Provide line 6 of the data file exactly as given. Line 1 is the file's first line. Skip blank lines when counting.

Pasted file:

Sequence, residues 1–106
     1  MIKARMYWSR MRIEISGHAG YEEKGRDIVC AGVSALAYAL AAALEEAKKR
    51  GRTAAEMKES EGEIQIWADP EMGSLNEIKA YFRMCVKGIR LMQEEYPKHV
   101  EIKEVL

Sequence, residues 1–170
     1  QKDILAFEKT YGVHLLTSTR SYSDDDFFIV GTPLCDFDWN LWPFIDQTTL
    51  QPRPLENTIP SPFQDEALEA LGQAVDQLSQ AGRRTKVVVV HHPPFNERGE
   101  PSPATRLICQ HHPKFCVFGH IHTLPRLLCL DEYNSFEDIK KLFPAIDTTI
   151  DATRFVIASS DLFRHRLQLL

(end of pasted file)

     1  QKDILAFEKT YGVHLLTSTR SYSDDDFFIV GTPLCDFDWN LWPFIDQTTL